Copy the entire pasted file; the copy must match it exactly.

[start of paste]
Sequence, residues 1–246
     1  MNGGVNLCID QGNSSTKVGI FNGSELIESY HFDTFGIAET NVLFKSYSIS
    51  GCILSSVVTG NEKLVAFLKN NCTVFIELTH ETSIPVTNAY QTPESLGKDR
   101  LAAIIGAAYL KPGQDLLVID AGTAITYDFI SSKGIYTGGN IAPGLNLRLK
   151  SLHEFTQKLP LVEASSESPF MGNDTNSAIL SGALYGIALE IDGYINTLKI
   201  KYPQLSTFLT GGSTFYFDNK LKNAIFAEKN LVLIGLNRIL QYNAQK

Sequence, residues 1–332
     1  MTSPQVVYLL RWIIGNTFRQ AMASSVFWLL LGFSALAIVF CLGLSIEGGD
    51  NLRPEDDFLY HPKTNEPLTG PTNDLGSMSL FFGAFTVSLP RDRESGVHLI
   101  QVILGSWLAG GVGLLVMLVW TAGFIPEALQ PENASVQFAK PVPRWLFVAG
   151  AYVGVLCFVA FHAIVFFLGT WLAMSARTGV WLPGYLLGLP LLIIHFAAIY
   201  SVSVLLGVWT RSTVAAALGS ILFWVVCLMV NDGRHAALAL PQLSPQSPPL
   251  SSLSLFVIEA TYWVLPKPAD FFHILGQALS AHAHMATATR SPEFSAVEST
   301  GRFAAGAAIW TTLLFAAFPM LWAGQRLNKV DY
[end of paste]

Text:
Sequence, residues 1–246
     1  MNGGVNLCID QGNSSTKVGI FNGSELIESY HFDTFGIAET NVLFKSYSIS
    51  GCILSSVVTG NEKLVAFLKN NCTVFIELTH ETSIPVTNAY QTPESLGKDR
   101  LAAIIGAAYL KPGQDLLVID AGTAITYDFI SSKGIYTGGN IAPGLNLRLK
   151  SLHEFTQKLP LVEASSESPF MGNDTNSAIL SGALYGIALE IDGYINTLKI
   201  KYPQLSTFLT GGSTFYFDNK LKNAIFAEKN LVLIGLNRIL QYNAQK

Sequence, residues 1–332
     1  MTSPQVVYLL RWIIGNTFRQ AMASSVFWLL LGFSALAIVF CLGLSIEGGD
    51  NLRPEDDFLY HPKTNEPLTG PTNDLGSMSL FFGAFTVSLP RDRESGVHLI
   101  QVILGSWLAG GVGLLVMLVW TAGFIPEALQ PENASVQFAK PVPRWLFVAG
   151  AYVGVLCFVA FHAIVFFLGT WLAMSARTGV WLPGYLLGLP LLIIHFAAIY
   201  SVSVLLGVWT RSTVAAALGS ILFWVVCLMV NDGRHAALAL PQLSPQSPPL
   251  SSLSLFVIEA TYWVLPKPAD FFHILGQALS AHAHMATATR SPEFSAVEST
   301  GRFAAGAAIW TTLLFAAFPM LWAGQRLNKV DY